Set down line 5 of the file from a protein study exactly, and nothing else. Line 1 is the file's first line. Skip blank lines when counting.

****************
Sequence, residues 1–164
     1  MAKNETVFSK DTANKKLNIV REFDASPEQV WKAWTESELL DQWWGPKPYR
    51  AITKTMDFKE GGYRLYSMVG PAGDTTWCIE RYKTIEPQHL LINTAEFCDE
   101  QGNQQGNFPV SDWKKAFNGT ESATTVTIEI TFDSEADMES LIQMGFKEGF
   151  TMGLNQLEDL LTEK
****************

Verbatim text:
   151  TMGLNQLEDL LTEK